The Commission would be compliant with EqIA requirements by the end of March. Areas
where further support was required had been identified, and Sharin Masih would continue
to provide advice and support. Further information would be provided, including a matrix
of known adverse impacts (drawn from existing research), and existing good practice and
standards on consulting and engaging with ‘hard to reach’ groups. The Commission would
be working closely, and share resources and ideas, with the ‘Defra family’ under the
auspices of ‘Outdoors for All’.

Helen Townsend noted that at a GB level the Commission had reached its targets on
reporting on race and disability, and there would be regular monitoring reports. It was
agreed that Mark Pritchard would consider obtaining some media coverage on this.

                                                             Action 54/8: Mark Pritchard

The Board noted the contents of Paper 53/08 and gave Helen Townsend a mandate to
continue with her work.


Mark Pritchard introduced Paper 54/08 which updated the Board on the new Model
Publication Scheme issued by the Information Commissioner, the publication of meeting
papers and open information requests received.

The FOI Act required the Commission to create and maintain a publication scheme setting
out the information it held that was published on a routine basis. The existing publication
scheme which the Forestry Commission designed was agreed before the implementation
of the Forestry Devolution Review. In line with section 20 of the FOI Act, the Information
Commissioner had decided to impose a new publication scheme which must be adopted
and effective from 1 January 2009. We were required to adopt the publication scheme in
its entirety and would be in breach of the Act if we did not publish information in
accordance with the scheme. We currently published on the internet most of the
information required. The main difference between the old and new scheme from the
Commission’s point of view was that the new scheme also required many of the
documents currently published on e-Connect to be made publicly available.

In order to meet the requirements of the new scheme, open information representatives in
business areas across the whole FC had been asked to identify information currently
published on e-Connect that could be made available on our public website. This could be
significant and publishing the information on our public website could have implications for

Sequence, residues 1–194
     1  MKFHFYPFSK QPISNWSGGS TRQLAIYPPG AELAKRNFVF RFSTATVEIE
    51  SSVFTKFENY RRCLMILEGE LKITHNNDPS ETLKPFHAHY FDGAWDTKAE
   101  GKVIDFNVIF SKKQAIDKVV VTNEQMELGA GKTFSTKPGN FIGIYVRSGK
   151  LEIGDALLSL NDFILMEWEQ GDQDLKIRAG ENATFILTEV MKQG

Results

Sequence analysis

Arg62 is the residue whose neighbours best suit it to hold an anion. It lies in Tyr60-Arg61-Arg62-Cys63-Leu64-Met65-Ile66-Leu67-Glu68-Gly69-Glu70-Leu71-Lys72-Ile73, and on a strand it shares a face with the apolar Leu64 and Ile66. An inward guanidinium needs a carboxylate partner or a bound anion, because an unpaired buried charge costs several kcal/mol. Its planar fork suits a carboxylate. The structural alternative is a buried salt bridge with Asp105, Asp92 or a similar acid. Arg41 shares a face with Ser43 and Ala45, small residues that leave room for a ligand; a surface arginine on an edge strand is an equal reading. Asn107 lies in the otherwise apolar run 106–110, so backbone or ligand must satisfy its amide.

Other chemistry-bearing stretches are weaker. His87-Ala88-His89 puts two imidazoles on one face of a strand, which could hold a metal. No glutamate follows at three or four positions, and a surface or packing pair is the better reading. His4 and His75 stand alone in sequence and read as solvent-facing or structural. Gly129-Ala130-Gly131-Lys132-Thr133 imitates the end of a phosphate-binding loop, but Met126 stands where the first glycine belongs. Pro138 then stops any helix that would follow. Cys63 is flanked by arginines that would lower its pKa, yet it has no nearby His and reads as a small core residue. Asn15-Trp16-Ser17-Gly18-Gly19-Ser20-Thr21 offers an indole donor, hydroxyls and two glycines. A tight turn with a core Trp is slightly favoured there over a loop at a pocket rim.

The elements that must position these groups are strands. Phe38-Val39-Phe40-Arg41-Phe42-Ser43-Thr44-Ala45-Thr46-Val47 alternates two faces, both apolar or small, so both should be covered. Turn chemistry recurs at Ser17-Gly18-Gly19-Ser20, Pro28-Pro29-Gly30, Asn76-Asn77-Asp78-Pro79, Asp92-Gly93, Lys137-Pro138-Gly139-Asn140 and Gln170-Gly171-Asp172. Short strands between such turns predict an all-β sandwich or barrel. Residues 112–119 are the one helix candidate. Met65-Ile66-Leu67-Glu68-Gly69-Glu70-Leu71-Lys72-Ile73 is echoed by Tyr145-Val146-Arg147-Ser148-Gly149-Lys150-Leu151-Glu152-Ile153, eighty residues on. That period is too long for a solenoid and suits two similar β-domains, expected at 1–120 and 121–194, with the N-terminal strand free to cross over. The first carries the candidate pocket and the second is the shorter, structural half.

the website’s structure. However the Board noted that publication of the information on
the internet could save staff time in responding to individual requests for information.

As regards the publication of meeting papers, the EEB agendas, papers and minutes from
January 2005 onwards were available via the ‘About Us’ section of the England webpages.
Work was currently underway to publish the ENC papers from January 2005 onwards and
this was scheduled to be completed by May 2009. Work on Regional Advisory Committee
papers was planned to start in spring 2009 in liaison with RAC Secretaries. The
Communications and Secretariat team would continue to monitor how often these papers
were being looked at externally.

As regards open information enquiries, in the period from 1 December 2007 to
1 December 2008, a total of 18 open information requests were received in England and
logged on the tracking system. Mark Pritchard noted that there had been increased
interest in and scrutiny of the Commission, faster moving campaigns, and more and faster
sharing of information.

The Board noted the new Model Publication Scheme, progress with the publication of
meeting papers and the overview of FOI enquiries. It was agreed that the Head of
Secretariat would report performance on open information to the Board annually in

                                                           Action 54/9: Mark Pritchard


ETWF Delivery Plan

The ETWF Delivery Plan had been launched on Monday 15 December by press release.
Paul Hill-Tout thanked everyone who had been involved in the development and launch of
the Plan, including the Programme Group and Communications team. He noted the
importance of embedding awareness of the Plan both internally and externally. Following
the launch there had been an article in the Daily Telegraph and Paul Hill-Tout had done an
interview for ConFor. Over the coming weeks and months, there would be further articles
in the forestry media, and the ETWF Delivery Plan would be reflected in the next
Corporate Plan.